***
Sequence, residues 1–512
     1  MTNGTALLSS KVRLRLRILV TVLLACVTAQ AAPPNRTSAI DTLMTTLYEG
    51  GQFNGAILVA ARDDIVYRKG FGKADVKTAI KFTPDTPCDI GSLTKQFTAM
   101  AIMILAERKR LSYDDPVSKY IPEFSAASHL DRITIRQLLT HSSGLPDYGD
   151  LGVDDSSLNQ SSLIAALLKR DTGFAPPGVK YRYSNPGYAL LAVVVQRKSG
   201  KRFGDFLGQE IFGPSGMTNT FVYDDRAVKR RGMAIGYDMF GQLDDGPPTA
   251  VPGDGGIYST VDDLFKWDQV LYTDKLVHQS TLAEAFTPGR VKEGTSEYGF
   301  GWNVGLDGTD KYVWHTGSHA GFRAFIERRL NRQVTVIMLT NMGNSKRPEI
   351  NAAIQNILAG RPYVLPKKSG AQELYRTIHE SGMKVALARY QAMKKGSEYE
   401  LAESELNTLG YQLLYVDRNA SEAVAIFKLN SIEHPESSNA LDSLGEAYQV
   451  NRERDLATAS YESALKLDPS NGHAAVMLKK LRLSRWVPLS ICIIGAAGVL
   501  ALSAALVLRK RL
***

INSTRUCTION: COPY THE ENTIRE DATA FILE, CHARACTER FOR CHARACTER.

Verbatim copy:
Sequence, residues 1–512
     1  MTNGTALLSS KVRLRLRILV TVLLACVTAQ AAPPNRTSAI DTLMTTLYEG
    51  GQFNGAILVA ARDDIVYRKG FGKADVKTAI KFTPDTPCDI GSLTKQFTAM
   101  AIMILAERKR LSYDDPVSKY IPEFSAASHL DRITIRQLLT HSSGLPDYGD
   151  LGVDDSSLNQ SSLIAALLKR DTGFAPPGVK YRYSNPGYAL LAVVVQRKSG
   201  KRFGDFLGQE IFGPSGMTNT FVYDDRAVKR RGMAIGYDMF GQLDDGPPTA
   251  VPGDGGIYST VDDLFKWDQV LYTDKLVHQS TLAEAFTPGR VKEGTSEYGF
   301  GWNVGLDGTD KYVWHTGSHA GFRAFIERRL NRQVTVIMLT NMGNSKRPEI
   351  NAAIQNILAG RPYVLPKKSG AQELYRTIHE SGMKVALARY QAMKKGSEYE
   401  LAESELNTLG YQLLYVDRNA SEAVAIFKLN SIEHPESSNA LDSLGEAYQV
   451  NRERDLATAS YESALKLDPS NGHAAVMLKK LRLSRWVPLS ICIIGAAGVL
   501  ALSAALVLRK RL